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Rural hospitals in northeast Washington are struggling to transfer patients for care

UPDATED: Fri., Jan. 7, 2022

The Spokane Regional Health District is pictured.   (JESSE TINSLEY/THE SPOKESMAN-REVIEW)
The Spokane Regional Health District is pictured.  (JESSE TINSLEY/THE SPOKESMAN-REVIEW)

The Spokane Regional Health District reported 852 new COVID-19 cases and five deaths on Friday. This is the highest daily case count reported for Spokane County during the entire pandemic.

The numbers underscore struggles across the state as more and more people are sick.

Rural hospitals in the Inland Northwest, for example, are now struggling to transfer patients to larger hospitals, including those in Spokane, where emergency department are full.

Many hospitals in the Inland Northwest are having to board patients, care for them or keep them in the emergency department, until a bed opens up in their hospital to treat them.

Transferring patients for critical conditions, not COVID-19, from rural hospitals to larger hospitals is incredibly challenging, Northeast Tri-County Health Officer Sam Artzis said on Friday.

Smaller hospitals can stabilize patients before sending them on for more intensive care they cannot provide, but the crunch on hospital space and limited staffing means these hospitals have to keep patients longer than they are accustomed.

Jenny Smith, with Newport Hospital and Health, told reporters on Friday, that Newport is sometimes having to provide ICU care to patients who normally would be transferred to larger hospitals. The hospital contracted with a critical care physician group recently to provide support and training for the staff.

On Friday, there were eight open medical or surgical hospital beds in the Inland Northwest.

Hospitals in the rural parts of Eastern Washington are experiencing what the rest of the state’s health care system is when it comes to capacity as well. It’s difficult to discharge patients who no longer need to be in the hospital when long-term care facilities are having outbreaks or staffing challenges themselves that limit how many patients they can take.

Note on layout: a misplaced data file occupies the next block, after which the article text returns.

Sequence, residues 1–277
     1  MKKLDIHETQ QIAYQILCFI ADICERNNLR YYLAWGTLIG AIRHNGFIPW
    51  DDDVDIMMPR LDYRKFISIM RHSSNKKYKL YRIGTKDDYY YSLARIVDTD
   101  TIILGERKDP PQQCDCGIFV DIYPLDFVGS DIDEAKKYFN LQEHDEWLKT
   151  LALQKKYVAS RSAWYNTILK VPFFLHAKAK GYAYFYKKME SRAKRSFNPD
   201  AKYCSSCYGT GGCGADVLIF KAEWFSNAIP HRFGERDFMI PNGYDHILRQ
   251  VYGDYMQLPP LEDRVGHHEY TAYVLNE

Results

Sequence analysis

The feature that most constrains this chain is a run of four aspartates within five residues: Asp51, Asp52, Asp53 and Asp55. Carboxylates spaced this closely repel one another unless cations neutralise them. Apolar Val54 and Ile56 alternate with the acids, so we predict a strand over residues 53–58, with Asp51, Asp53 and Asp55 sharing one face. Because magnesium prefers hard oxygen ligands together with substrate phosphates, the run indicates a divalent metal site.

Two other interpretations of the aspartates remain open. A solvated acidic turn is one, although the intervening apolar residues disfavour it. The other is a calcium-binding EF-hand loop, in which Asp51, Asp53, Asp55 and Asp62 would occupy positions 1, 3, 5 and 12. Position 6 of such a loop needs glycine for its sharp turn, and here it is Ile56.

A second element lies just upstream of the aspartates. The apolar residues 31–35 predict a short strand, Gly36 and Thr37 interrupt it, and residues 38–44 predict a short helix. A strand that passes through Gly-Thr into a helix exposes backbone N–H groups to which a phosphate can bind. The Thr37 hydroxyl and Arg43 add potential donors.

COVID case counts are beginning to rise again in the Northeast Tri-County region. In Republic, Ferry County Hospital still is running a drive-thru test site, and the test positivity rate has risen to 52% there, which means 25 people tested positive this week.

Public health officials in the region are planning to dispatch strike teams to sick patients with treatments like monoclonal antibodies or new anti-viral medications that can lessen symptoms to help prevent hospitalizations before they occur. These treatments are limited in their supply, however, and they must be reserved for the sickest and highest-risk patients.

Previously, the Department of Health helped with a strike team of their own, but this time, the public health and hospital teams will have to go it alone.

Hospitals in the Northeast Tri-County region have requested staffing support from the Department of Health’s contract with the employment agency ACI Federal, and as of Friday, they were waiting to hear back on that request.

To add insult to injury, the mountain passes closing due to inclement weather this week has created supply chain issues for the northeast corner of the state, and hospital leaders said they are struggling to get deliveries of supplies that typically come from Seattle or Portland.

Here’s a look at local numbersThe Spokane Regional Health District reported 852 new COVID-19 cases and five additional deaths on Friday.

There have been 1,159 deaths due to COVID-19 in Spokane County.

There are 80 patients hospitalized with COVID-19 in Spokane County.

The Panhandle Health District reported 213 new COVID-19 cases and no deaths on Friday.

There are 78 Panhandle residents hospitalized with the virus. Kootenai Health is treating 65 patients with the virus as of Friday morning.

Arielle Dreher's reporting for The Spokesman-Review is primarily funded by the Smith-Barbieri Progressive Fund, with additional support from Report for America and members of the Spokane community. These stories can be republished by other organizations for free under a Creative Commons license. For more information on this, please contact our newspaper’s managing editor.

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